The moments that mattered: Scarlets 26-10 Edinburgh

24.03.17 - Scarlets v Edinburgh Rugby, Guinness PRO12 - Tom Brown of Edinburgh is tackled by Jonathan Davies of Scarlets.
24.03.17 - Scarlets v Edinburgh Rugby, Guinness PRO12 - Tom Brown of Edinburgh is tackled by Jonathan Davies of Scarlets.


EDINBURGH’S woeful Guinness Pro 12 form continued this [Friday] evening when they lost their sixth consecutive league match in a lacklustre display against the Scarlets.


The hosts secured a bonus-point in the first half hour and despite a solitary reply from Edinburgh’s Phil Bureligh, the result was never in doubt.

Edinburgh have now not won a league match since defeating Zebre 24-19 on the 31st Decemeber, and tonight’s defeat maintains the struggling side’s record this season of losing every game in which they have trailed at half-time.

Despite several high-scoring performances in the Champions Cup – including a 36-35 win over Harlequins – Edinburgh have struggled to transfer their European potency into league form; and in the six Pro 12 defeats that have occured since December, Duncan Hodge’s side have failed to register more than 20 points in any match.

Here are the moments that mattered from tonight’s loss to the Scarlets –

Rhys Patchell scorches Edinburgh’s back line

With the Scarlets’ formidable home record of seven wins in eight Pro 12 fixtures, it was always going to be an uphill task for Edinburgh to grab a positive result at the Parc y Scarlets, however, the job was made even more difficult when Rhys Patchell stormed in with only two minutes on the clock. The try arrived following a breakdown in Edinburgh’s back-line communication. With Patchell receiving the ball on the half-way line, the visitor’s stagnant defence was left pre-occupied by several Scarlet’s dummy runners, leaving the stand-off with a considerable gap to accelerate through. With Blair Kinghorn caught in no-man’s-land, Patchell put on the afterburners and breezed in from 40 metres, virtually untouched.

Front-row connection drags Edinburgh back into the contest

Further tries from Wyn Jones and James Davies fired the Scarlets into a 19-3 lead after only 25 minutes, before Edinburgh crossed the whitewash for their first try of the evening. With the hosts securing the restart after the Davies try and looking to clear their lines, Aled Davies’ attempted box-kick took a wicked deflection off the combined hands of Ross Ford and Simon Berghan, causing it to spin perfectly into the clutches of fellow front-row Alan Dell. From there the Scotland international did superbly to spin out of contact, before offloading to Phil Burleigh, who arrived on a perfectly timed run. With the score now 19-10, the visitors had clawed themselves back into a match which had looked like running away from them.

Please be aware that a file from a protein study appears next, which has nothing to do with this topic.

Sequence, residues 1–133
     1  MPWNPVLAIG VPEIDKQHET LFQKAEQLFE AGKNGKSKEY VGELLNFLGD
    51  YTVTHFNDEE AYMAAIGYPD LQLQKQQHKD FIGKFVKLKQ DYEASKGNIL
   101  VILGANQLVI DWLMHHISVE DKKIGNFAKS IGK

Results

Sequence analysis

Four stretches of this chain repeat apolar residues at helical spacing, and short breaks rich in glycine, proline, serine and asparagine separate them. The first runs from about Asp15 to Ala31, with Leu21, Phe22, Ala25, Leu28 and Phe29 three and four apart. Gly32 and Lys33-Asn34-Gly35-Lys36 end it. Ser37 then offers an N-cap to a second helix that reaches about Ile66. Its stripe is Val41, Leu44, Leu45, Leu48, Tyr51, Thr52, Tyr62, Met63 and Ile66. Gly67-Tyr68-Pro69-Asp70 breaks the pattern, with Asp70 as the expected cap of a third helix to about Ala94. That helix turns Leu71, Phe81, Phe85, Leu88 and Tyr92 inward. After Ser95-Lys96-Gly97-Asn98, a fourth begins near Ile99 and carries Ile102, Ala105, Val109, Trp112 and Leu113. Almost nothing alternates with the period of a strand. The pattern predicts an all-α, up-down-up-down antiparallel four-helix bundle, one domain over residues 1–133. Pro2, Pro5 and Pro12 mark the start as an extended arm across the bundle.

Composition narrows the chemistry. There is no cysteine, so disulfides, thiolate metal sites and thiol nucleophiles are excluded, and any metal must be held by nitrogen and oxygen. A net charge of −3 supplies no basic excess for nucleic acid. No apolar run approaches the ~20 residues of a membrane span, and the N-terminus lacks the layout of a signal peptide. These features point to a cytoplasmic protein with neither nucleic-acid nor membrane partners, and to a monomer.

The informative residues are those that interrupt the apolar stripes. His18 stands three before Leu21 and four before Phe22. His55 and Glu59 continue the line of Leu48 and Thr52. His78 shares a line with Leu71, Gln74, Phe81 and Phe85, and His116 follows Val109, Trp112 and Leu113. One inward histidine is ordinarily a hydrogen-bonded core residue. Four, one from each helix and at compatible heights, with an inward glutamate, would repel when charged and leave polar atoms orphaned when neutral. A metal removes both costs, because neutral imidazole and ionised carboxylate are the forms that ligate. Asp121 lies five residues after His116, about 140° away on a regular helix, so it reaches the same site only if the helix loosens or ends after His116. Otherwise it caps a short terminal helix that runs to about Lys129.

Davies strip proves fruitful

The hosts’ complete control of the match in the opening half hour showcased the gulf in class between the 5th and 9th place clubs; and on 30 minutes, the Scarlets turned the screw further when they t secured the bonus point with try number four. The catalyst for this score was the defensive work of the hosts’ surely New Zealand bound centre, Jonathan Davies. The Welshman enveloped Tom Brown like a bad rash as he gathered Patcher’s neat chip ahead, and stripped the ball with a suplex-like tackle before the Edinburgh winger had a chance to offload, allowing . When the Scarlets then got the ball wide to Patchell for his second try of the evening, it was effectively game over for Edinburgh.

Kinghorn goes close

Clear cut chances were few and far between in the second half, but visiting full-back Blair Kinghorn did find himself within metres of the try-line following a sublime break from Phil Burleigh. The inside-centre – who had handling issues all evening – hit a short ball off the shoulder of Duncan Weir at pace and cut a devastating swather through the onrushing Scarlets’ defence, and then intelligently offloaded to the supporting Kinghorn. In a foot-race to the line, the Edinburgh youngster was eventually dragged down by Steffan Evans only a few feet short, but at least we had been given a glimpse of what the Edinburgh backline might be capable if they can find some confidence and demonstrated some composure at key moments.


About Stuart Rutherford 50 Articles
Stuart hails from the Borders town of Selkirk and has been around rugby all his life, largely thanks to the influence of his father, John. Not only a fan of the modern game, he is a keen rugby historian, and produces a regular 'Throwback Thursday Column' for The Offside Line.